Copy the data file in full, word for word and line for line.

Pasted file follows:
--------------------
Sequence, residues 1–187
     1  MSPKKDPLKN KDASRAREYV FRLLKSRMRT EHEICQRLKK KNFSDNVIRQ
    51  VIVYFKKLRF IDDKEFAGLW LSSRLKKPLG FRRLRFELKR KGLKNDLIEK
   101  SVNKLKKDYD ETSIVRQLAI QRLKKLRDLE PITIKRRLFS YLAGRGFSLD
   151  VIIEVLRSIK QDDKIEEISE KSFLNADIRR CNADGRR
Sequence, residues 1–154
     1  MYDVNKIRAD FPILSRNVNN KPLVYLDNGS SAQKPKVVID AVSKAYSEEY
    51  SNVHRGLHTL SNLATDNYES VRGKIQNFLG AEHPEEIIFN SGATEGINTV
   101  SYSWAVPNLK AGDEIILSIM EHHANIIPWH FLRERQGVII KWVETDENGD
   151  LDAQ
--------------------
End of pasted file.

Sequence, residues 1–187
     1  MSPKKDPLKN KDASRAREYV FRLLKSRMRT EHEICQRLKK KNFSDNVIRQ
    51  VIVYFKKLRF IDDKEFAGLW LSSRLKKPLG FRRLRFELKR KGLKNDLIEK
   101  SVNKLKKDYD ETSIVRQLAI QRLKKLRDLE PITIKRRLFS YLAGRGFSLD
   151  VIIEVLRSIK QDDKIEEISE KSFLNADIRR CNADGRR
Sequence, residues 1–154
     1  MYDVNKIRAD FPILSRNVNN KPLVYLDNGS SAQKPKVVID AVSKAYSEEY
    51  SNVHRGLHTL SNLATDNYES VRGKIQNFLG AEHPEEIIFN SGATEGINTV
   101  SYSWAVPNLK AGDEIILSIM EHHANIIPWH FLRERQGVII KWVETDENGD
   151  LDAQ